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Of Beards, Mustaches and Sideburns: The Ascent, Descent – and Ascent of Facial Hair

Man from Midvale with Beard and MustacheIn 1976, an economist from the University of Washington named Dwight E. Robinson conducted a research on men’s fashion trends, particularly when it comes to “facial barbering.” He went through a famous magazine for photos and drawings, and discovered the fascinating evolution of facial hair as a style throughout the years. This rich history is the very foundation of many barber schools across the country.

The American Journal of Sociology published his findings.

The Hairy Process

Analyzing pages of the weekly publication Illustrated London News from 1842 until 1972, Robinson said he chose this paper as his only source because it is recognized as the “world’s most venerable pictorial magazine.” He was able to collect around a hundred images every year.

Robinson did acknowledge that these “gentlemen of the News” only represented the high-profile members of the community. He also excluded photos of non-Europeans, models, and royalty. He went on to count the regularity wherein the five various facial hair trends appeared, ranging from mustache alone, sideburns alone, both sideburns and mustache, beard, and clean-shaven.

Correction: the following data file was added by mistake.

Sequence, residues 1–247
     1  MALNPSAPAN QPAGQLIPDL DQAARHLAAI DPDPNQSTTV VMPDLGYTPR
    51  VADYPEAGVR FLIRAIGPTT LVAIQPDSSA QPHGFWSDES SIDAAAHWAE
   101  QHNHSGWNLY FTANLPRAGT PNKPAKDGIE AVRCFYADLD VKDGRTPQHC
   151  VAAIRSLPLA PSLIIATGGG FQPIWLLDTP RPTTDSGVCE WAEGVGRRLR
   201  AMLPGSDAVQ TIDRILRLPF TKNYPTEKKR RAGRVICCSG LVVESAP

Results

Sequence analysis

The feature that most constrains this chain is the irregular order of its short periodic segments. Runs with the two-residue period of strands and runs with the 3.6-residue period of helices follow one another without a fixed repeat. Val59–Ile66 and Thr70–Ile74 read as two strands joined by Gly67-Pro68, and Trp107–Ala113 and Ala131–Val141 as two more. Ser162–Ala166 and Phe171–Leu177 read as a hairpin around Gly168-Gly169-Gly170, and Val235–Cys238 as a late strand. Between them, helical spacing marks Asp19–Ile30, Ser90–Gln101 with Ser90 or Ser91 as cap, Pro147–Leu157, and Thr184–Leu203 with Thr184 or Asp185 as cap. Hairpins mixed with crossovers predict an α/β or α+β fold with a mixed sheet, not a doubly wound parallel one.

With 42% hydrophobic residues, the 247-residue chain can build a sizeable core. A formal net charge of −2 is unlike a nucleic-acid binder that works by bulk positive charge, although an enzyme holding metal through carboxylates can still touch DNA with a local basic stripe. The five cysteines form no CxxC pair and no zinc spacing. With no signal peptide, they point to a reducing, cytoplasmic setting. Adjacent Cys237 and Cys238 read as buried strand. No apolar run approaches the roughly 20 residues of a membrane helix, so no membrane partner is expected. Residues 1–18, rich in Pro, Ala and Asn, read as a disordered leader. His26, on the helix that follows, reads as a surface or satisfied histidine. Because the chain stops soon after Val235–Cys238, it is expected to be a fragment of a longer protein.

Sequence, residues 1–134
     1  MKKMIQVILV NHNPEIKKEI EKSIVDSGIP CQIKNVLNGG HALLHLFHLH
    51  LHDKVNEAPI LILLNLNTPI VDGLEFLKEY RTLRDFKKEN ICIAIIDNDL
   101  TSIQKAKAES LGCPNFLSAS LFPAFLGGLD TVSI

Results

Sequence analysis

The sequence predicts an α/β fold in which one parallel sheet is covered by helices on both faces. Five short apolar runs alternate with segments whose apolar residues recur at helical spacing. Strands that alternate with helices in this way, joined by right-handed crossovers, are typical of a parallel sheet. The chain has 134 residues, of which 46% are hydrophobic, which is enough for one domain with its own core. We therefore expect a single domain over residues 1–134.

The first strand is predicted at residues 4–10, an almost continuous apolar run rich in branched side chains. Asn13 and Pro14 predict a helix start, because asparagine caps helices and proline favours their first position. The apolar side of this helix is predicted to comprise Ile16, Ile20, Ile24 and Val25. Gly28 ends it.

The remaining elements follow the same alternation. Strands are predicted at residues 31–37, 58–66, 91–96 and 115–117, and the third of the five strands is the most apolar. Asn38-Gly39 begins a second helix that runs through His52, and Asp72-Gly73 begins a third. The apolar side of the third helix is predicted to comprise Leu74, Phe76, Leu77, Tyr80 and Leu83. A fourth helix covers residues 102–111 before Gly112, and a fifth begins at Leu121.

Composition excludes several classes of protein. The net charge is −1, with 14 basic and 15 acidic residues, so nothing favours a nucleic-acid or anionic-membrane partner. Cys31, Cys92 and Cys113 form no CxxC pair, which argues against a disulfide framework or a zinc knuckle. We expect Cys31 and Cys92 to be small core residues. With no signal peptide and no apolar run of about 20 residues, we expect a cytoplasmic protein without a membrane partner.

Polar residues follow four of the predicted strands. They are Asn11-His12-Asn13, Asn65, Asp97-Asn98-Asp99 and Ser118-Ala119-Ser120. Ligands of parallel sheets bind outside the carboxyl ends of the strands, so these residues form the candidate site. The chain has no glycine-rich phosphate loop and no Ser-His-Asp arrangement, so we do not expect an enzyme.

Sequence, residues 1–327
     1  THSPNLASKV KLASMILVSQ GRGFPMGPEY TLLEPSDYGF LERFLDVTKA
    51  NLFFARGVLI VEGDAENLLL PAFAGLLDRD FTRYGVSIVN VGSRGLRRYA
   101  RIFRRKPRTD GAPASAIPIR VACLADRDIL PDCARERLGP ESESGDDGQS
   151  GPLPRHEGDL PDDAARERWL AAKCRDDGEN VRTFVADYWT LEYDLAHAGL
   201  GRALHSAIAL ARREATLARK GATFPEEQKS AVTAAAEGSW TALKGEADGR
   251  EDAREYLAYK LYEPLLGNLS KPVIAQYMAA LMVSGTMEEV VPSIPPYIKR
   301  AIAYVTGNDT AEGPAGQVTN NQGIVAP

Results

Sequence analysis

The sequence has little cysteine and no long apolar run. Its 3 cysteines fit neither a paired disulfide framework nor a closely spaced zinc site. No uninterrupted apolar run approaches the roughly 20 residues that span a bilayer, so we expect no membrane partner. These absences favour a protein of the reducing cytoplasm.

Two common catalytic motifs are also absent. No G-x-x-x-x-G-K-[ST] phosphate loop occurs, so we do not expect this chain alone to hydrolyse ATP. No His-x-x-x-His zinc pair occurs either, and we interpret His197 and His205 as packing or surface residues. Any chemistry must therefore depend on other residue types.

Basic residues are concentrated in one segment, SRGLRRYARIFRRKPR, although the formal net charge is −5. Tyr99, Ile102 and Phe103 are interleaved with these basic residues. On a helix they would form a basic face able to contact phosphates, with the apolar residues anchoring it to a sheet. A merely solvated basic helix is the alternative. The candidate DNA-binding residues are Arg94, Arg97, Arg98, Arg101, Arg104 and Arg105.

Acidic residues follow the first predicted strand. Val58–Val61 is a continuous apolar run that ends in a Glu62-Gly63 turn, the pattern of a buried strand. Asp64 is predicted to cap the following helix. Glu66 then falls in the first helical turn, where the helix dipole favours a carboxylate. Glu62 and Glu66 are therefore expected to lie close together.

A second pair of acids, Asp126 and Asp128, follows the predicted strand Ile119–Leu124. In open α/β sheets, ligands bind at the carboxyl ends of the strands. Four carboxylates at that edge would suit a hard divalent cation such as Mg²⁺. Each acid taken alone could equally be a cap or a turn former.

The Stubbly Findings

In the 1800s, only a few people chose to be clean-shaven, but almost everyone was by the1970s. On the other hand, sideburns and beards became a dormant style in the mid to late 1800s. Even though mustaches were the trending style during the early 20th century, it slowly lost its luster. The pièce de résistance of men’s style occurred in 1877 when sporting both mustaches and sideburns peaked, which was probably where the present-day Brooklyn beard originated.

Robinson theorized that the fashion trends usually come from the younger generation who try to avoid the style of their elders. As time passes, they unknowingly develop more liking into the older trends by giving it their own twist. This is why the majority of men were against beards from the 1940s until 1976, but that preference seemed to have changed today.

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